You may well have seen the ads for voice assistants Amazon Echo and Google Home, answering a range of voice commands from switching on lights, ordering a pizza to providing the answer to the capital city of a country. But what do these voice assistants mean for how we consume information and purchase products? And what impact will that have on brands?
With sales of digital voice assistants set to increase by 738% from 2016 to 2020, it’s certainly worth considering voice search as part of your long-term marketing strategy. Getting on board with it now will set you ahead of the game if predictions are correct and these devices become a key part of how we manage our lives.
First let’s look at Amazon Echo. Powered by Amazon’s Alexa technology, Echo allows customers to purchase products by saying aloud what they want to order. Like other voice assistants it will also help manage your home – playing a specified playlist, telling a joke, or answering a question, such as “how many teaspoons in a tablespoon?” (there’s 3 if you’re interested).
The challenge is how to monetise these queries as only a select few will lead to potential conversions. Easier perhaps for Amazon-powered devices as their search algorithm is focused on purchase. Half of all product searches now start on the platform, so it’s important for brands to start optimising their listing if they’re to appear at the top of Amazon’s search results, and stand a chance of getting featured as the answer on their voice assistant devices.
So how do you get featured as the preferred brand listing? Perhaps unsurprisingly, using Amazon programs such as Amazon Prime, Amazon Business and Amazon Sponsored Product Ads will make Alexa more likely to feature your product. A new program that will be key to this selection, Amazon Choice, has also been developed. A logo for this program will appear next to certain products and it’s these that will be given as a response when you ask Echo a query featuring a relevant keyword to that product. You can’t submit your products to be chosen for Amazon Choice, but we do know a few factors it looks at when determining which product to use. These include popularity, rating and reviews, availability, shipping speeds and making your product available on Amazon Prime. Optimising your listing for Amazon’s search algorithm can also help – its focus being providing the product listing most likely to result in a sale. That means high quality imagery, following Amazon’s title formula and clear descriptions are essential. Robyn Johnson provides the complete guide for optimisation.
The point of initial conversion is also something to bear in mind, especially for repeat-purchase products. If someone orders toothpaste for instance, when they next go to order, Alexa will add that previously purchased brand to their basket by default. Directing users to purchase through Amazon when they reach the point of sale on your brand site could therefore be a good tactic to deploy to ensure you get this initial sale through the platform.
So, what about Google Home? Not to be outdone, the search giant has developed its own voice search offering which is likely to be a focus for its future strategy. Like Echo, the device helps manage your home and answers a range of queries. And again, like Amazon, Google has had to make the leap from offering a number of query results to just one.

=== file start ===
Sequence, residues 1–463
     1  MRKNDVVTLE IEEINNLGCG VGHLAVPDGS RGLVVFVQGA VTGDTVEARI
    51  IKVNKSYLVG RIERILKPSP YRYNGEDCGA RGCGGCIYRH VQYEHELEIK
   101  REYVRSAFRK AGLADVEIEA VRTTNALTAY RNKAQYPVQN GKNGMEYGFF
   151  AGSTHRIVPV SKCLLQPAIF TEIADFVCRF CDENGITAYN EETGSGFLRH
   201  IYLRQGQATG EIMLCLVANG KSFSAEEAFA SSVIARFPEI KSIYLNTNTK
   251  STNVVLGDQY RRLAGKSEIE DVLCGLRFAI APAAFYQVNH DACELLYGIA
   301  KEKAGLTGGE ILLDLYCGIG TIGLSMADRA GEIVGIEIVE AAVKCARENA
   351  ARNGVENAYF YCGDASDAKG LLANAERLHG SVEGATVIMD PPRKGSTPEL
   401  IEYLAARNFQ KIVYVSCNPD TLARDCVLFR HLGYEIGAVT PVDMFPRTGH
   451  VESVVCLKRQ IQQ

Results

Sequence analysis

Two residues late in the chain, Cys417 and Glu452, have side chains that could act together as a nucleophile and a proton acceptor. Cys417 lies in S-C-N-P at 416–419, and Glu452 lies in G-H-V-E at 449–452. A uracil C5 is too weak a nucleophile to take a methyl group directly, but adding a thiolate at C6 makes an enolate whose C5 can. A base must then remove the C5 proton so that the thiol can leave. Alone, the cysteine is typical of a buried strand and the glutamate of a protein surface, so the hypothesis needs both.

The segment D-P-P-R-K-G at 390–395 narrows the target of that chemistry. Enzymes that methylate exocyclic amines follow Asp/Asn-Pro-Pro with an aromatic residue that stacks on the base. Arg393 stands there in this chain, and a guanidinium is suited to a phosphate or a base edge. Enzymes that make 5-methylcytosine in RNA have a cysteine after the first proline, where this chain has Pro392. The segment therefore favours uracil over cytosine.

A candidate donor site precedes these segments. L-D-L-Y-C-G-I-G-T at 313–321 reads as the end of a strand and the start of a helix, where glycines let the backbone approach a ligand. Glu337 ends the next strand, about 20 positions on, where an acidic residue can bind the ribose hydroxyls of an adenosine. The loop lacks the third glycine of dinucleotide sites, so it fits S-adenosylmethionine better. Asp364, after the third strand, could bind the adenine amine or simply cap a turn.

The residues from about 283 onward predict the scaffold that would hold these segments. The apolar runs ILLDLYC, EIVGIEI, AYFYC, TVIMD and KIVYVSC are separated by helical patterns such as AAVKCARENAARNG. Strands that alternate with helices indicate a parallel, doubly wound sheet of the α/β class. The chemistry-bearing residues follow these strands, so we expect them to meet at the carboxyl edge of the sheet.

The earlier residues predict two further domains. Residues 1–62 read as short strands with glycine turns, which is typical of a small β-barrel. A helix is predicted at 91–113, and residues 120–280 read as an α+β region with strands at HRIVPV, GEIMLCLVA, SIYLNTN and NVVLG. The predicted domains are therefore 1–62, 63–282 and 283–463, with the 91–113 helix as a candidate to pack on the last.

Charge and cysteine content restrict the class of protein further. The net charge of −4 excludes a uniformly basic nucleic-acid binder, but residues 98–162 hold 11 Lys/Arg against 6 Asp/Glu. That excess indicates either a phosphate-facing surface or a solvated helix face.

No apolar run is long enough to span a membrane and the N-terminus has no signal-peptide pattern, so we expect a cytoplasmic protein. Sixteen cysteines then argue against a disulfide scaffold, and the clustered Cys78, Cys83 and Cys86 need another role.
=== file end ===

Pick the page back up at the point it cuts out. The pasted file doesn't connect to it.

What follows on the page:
You’re likely to have seen when searching on mobile or desktop a result boxed out that directly answers your query. This is a featured snippet and according to Dr. Peter J. Meyers it’s these that are the answers Google Home will provide to a voice query. Brands therefore need to optimise for featured snippets to be the answer for Google Home. As with Amazon’s Choice, there will only be one top spot, so making sure you’re optimising for featured snippets now will set you in good stead for Google Home voice searches. But how do you do this? Making sure your page URL includes the query you want to answer, you include content within the HTML tags and the main heading is within a <h1> tag will all help, naturally along with making sure you’re answering the question effectively and succinctly in the first few sentences at the top of the page, ideally within 50 words.
Having featured snippets does present a challenge to Google though, and here we go back to monetising search. Because if you can answer the query without someone having to click through to the site on desktop or without providing further information through voice, how can brands use this to get their product out there? For the moment at least, ensuring you have the right blend of informational and promotional information in the content you’re optimising for featured snippets is the best route. Google Home can also attribute information, e.g. ‘According to Wikipedia’ which, if this is your brand, gives you authority on the information and brand awareness.
Another point of consideration that Egle Gudiskyte raises is how we search using voice – because what we say aloud is not how we type. When we speak, our queries tend to be longer and more complicated, so optimising for long-tail keywords may also become more important.
So, what does this mean for brands and for us as consumers? Digital voice assistants are still very much in their infancy, and we’re likely to see changes in how these devices work and how we interact with them in our lives over the next few years. From what we’ve seen so far, there’s still a way to go in defining how the likes of Amazon and Google can effectively monetise these services for brands. Desktop, and mobile more so, will be the norm for a while yet, but optimising for Amazon Choice and Google’s featured snippets is certainly worth investing in. They may not be all talk yet, but optimising for voice search now will likely benefit your current approach and help future-proof your strategy.